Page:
One of the biggest concerns a business owner has about selling their business is keeping the sale confidential. They fear that if employees, customers, or vendors learned that the business was for sale, it would damage the business. This is a reasonable concern, but not one that should keep the owner from engaging an M&A advisor to sell the business. Confidentiality can be maintained and putting the business on the market should increase the selling price substantially as compared to a private sale to an industry buyer.
Confidentiality is maintained through a number of procedures. First, in the marketing of the business that is done to potential buyers before they sign a confidentiality agreement, the identity of the business is not revealed. Key attributes of the company, such as its location, are not revealed. The business owner reviews the marketing materials before they are used. Secondly, buyers are screened and must sign confidentiality agreements before they are given the identity of the business. The screening is for financial qualification, suitability to the particular business, and likelihood of making a competitive offer. We will also be more careful when dealing with industry buyers who may be competitors.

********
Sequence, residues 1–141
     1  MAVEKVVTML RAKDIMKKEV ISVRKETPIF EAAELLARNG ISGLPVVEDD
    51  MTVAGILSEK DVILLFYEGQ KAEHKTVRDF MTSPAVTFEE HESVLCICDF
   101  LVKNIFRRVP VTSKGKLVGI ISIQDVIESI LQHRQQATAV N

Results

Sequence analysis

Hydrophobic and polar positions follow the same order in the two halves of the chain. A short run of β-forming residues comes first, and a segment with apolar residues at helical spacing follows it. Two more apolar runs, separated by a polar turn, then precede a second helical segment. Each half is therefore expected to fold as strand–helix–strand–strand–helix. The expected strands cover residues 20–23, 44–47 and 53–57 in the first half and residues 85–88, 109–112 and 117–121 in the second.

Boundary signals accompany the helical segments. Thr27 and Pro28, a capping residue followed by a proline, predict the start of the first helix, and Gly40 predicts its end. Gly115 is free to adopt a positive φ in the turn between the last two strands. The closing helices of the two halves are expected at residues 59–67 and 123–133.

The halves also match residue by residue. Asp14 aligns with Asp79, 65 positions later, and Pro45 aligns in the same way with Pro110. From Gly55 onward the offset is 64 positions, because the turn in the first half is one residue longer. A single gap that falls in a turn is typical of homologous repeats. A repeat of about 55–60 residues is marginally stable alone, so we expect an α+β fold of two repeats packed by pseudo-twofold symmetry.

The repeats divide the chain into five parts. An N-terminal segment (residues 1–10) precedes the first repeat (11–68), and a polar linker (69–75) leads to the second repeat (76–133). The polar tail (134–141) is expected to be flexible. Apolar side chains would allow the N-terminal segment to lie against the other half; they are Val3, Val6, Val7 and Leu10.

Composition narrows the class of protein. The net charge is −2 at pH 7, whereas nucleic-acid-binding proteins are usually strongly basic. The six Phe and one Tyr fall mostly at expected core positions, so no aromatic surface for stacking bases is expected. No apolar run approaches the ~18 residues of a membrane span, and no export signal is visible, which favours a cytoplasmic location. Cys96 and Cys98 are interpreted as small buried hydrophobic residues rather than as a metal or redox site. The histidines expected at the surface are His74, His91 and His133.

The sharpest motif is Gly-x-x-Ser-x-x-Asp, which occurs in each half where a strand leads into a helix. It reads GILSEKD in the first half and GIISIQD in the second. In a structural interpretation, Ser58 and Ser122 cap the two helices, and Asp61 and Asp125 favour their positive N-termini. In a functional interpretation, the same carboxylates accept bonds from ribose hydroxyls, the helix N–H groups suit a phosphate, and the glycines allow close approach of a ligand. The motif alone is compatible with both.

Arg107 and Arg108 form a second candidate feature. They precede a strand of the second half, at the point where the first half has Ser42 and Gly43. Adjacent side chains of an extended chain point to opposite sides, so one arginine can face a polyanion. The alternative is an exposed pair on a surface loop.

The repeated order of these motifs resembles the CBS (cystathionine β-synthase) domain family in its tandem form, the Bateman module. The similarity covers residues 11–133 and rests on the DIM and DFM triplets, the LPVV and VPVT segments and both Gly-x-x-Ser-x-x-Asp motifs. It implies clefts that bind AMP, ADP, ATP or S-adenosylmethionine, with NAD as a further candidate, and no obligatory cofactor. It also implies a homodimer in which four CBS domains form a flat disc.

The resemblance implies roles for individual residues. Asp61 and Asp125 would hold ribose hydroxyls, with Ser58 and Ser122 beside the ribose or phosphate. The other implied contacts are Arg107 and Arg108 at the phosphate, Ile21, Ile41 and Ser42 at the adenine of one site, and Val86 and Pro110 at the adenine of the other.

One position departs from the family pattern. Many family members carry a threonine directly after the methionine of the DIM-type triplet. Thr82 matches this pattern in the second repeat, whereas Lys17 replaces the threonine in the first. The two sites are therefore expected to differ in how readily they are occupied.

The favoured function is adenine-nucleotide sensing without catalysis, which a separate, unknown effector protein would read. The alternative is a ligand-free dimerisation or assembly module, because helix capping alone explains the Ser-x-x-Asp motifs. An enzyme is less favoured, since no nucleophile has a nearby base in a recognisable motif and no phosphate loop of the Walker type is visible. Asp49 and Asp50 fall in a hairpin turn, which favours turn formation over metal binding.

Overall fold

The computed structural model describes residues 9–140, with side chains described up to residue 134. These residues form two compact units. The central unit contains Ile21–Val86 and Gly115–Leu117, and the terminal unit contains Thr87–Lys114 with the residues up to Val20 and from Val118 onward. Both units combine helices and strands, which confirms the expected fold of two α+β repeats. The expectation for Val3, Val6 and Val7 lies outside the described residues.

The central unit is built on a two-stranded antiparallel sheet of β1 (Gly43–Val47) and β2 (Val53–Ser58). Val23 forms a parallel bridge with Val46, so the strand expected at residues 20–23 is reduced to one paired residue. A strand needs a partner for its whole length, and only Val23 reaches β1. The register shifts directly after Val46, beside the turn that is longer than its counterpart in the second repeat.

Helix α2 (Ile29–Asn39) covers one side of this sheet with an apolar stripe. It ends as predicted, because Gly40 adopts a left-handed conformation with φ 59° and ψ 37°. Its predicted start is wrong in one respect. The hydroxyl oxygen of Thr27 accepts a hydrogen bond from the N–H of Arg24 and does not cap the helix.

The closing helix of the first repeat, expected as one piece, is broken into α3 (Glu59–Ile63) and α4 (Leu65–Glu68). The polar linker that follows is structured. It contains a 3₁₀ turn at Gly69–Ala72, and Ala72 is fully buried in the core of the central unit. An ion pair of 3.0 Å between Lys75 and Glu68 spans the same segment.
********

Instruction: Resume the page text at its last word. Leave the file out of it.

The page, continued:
We prepare a Confidential Information Memorandum for qualified buyers. This has more information about the business that the buyer needs to prepare an offer. However, confidential information about the business is not included. The owner of the business reviews and approves this report before it is given to potential buyers.
Owners should be very careful about telling people about their interest in selling the business. No one without a “need to know” should be told. Although owners may not trust competitors, we frequently are dealing with them in the sale of a business and, in our experience, they have respected the confidentiality of the sale.